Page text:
Widely regarded as Nigeria’s boldest and largest business reform legislation, the Companies and Allied Matters (CAM) Bill, which was passed last year by the senate, the upper chamber of the country’s law making body, the national assembly, on Tuesday passed the third reading at the lower chamber, the Federal House of Representatives.
A statement signed by Jumoke Oduwole, senior special assistant on industry, trade and investment to the president in the office of the vice president, noted that the CAM bill signifies meaningful progress towards aligning business practices, which had been heavily constrained by several provisions in the old 1990 Act, with global standards as it speaks to all matters affecting a company, from incorporation to winding up and insolvency.
Oduwole’s statement noted that the legislative brief of the new bill shows it has new features that will make doing business in Nigeria a lot easier.
She said a key thrust of the bill is therefore aimed at simplifying the process of starting and growing a business in Nigeria by abolishing the requirement for a company to have authorized share capital, enabling a single person to form a private company, introducing for the first time a business rescue process, and introducing the concept of limited liability partnership.
She further explained that the bill also ensures more appropriate regulation for micro, small and medium scale enterprises, by making it optional for smaller companies to have a company secretary, comply with accounting requirements, and for one-man and small companies to hold an annual general meeting, as well as introducing separate models of articles of association for private companies.
“In line with Presidential Enabling Business Environment Council (PEBEC) mandate, this re-enactment is a strong demonstration of the administration’s commitment to improving the business environment, and ultimately Nigeria’s competitiveness,” Oduwole’s stated, adding that the passage of the bill was promoted by the Corporate Affairs Commission (CAC), and was made possible through the collaborative efforts of several public and private sector stakeholders supported by the Enabling Business Environment Secretariat (EBES), including the Senate, the House of Representatives, the National Assembly Business Environment Roundtable (NASSBER), the Nigerian Economic Summit Group, and a number of leading commercial law firms in Nigeria.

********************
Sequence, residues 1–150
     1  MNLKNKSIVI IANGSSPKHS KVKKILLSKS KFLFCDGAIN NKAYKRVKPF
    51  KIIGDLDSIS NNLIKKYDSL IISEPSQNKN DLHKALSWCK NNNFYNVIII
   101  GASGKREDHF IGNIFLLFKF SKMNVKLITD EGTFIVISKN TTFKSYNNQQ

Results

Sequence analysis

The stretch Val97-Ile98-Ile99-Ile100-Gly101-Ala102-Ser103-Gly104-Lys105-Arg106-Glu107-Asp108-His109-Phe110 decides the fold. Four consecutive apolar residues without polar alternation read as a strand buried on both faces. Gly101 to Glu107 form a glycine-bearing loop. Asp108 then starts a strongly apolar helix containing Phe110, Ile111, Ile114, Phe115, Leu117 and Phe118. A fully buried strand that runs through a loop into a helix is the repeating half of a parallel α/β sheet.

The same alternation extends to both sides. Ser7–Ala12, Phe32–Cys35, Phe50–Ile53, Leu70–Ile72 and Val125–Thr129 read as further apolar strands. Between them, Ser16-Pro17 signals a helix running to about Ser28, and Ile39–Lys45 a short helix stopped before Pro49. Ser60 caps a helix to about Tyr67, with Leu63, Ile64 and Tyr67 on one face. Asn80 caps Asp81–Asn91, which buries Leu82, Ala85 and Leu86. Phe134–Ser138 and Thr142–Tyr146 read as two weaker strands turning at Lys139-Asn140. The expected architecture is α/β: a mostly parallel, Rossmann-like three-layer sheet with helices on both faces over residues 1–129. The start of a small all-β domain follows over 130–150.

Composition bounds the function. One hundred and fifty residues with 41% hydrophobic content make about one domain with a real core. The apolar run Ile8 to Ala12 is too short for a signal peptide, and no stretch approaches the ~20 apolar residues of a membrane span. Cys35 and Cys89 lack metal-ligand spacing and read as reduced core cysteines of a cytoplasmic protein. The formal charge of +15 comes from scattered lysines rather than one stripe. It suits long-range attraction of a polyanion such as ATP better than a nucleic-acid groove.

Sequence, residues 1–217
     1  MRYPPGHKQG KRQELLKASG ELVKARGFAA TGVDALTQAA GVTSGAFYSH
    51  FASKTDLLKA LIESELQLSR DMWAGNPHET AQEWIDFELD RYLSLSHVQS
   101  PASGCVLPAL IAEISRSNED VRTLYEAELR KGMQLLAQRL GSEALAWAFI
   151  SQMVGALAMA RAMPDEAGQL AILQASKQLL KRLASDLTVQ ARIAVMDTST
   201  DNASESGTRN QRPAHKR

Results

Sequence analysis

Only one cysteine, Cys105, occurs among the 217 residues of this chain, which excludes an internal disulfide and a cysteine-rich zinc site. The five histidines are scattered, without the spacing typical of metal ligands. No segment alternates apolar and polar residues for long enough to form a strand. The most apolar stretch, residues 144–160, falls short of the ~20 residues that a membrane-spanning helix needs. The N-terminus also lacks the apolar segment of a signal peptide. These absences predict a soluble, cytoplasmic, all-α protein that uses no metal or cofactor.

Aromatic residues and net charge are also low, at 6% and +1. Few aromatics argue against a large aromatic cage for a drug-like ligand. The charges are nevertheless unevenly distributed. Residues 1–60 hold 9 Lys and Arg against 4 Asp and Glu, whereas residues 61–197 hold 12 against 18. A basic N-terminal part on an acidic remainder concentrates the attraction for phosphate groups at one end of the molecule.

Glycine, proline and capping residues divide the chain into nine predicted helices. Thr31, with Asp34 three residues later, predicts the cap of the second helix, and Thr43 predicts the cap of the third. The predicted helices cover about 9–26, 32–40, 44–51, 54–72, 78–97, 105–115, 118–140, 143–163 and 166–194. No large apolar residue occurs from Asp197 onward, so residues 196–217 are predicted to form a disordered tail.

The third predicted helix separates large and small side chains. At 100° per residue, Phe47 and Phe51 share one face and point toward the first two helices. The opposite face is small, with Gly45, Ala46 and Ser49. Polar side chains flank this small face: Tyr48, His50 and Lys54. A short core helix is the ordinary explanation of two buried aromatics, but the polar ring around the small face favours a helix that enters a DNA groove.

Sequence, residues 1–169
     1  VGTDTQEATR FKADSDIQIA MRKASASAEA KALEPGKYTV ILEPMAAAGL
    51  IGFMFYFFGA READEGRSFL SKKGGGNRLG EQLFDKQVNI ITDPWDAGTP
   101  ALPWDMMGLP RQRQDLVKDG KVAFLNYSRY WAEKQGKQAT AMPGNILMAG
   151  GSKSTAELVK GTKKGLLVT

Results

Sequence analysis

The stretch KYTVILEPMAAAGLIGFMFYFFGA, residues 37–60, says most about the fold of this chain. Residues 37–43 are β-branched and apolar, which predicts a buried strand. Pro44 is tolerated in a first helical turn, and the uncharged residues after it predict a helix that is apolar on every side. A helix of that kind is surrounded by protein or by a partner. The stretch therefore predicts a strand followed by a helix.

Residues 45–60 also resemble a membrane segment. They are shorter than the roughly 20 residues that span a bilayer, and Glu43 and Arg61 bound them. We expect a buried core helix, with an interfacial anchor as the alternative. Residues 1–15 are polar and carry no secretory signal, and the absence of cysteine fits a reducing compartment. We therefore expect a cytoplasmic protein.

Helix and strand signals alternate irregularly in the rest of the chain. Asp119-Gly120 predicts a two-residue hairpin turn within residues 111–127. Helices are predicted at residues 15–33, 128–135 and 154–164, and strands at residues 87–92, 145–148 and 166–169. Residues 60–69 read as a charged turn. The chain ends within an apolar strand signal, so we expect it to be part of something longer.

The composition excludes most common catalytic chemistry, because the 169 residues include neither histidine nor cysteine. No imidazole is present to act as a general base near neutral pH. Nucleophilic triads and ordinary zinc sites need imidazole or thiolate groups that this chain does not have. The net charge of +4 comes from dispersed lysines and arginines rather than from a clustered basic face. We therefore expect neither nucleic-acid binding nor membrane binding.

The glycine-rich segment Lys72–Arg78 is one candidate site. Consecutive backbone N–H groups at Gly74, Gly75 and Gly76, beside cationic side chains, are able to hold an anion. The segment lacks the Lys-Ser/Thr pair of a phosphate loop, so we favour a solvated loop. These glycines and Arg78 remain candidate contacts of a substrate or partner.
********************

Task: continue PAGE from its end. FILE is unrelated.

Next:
Oduwole, who also doubles as the secretary of the Presidential Enabling Business Environment Council (PEBEC), in specific response to the bill passing the third reading in the house said: “This is a significant hurdle crossed in our efforts to help businesses grow in Nigeria, and in driving our Ease of Doing Business ranking as a nation.
“We congratulate every Nigerian on this achievement, and we applaud the several partners that came together in partnership to make this work. We look forward to receiving the Bill for Mr President’s assent, and we are confident of the benefits this will bring to businesses to drive exponential growth in the next few years,” she added.
The bill is seen in government and business circles as offering some landmark reforms, including the promotion of policies that will enhance the regulatory environment for growth of micro, small and medium enterprises (MSMEs), reduce entry barriers for smaller businesses, enhance transparency and shareholder engagement, align regulatory frameworks with international best practice for competitiveness, and increase the efficiency of the regulatory process in line with today’s realities.
Other benefits expected from the bill’s final passage are faster and cheaper registration of companies limited by guarantee, easier authentication of documents, prevention of asset shielding, and combating money laundering, terrorism financing or other illicit or criminal activities using companies as vehicles, among others.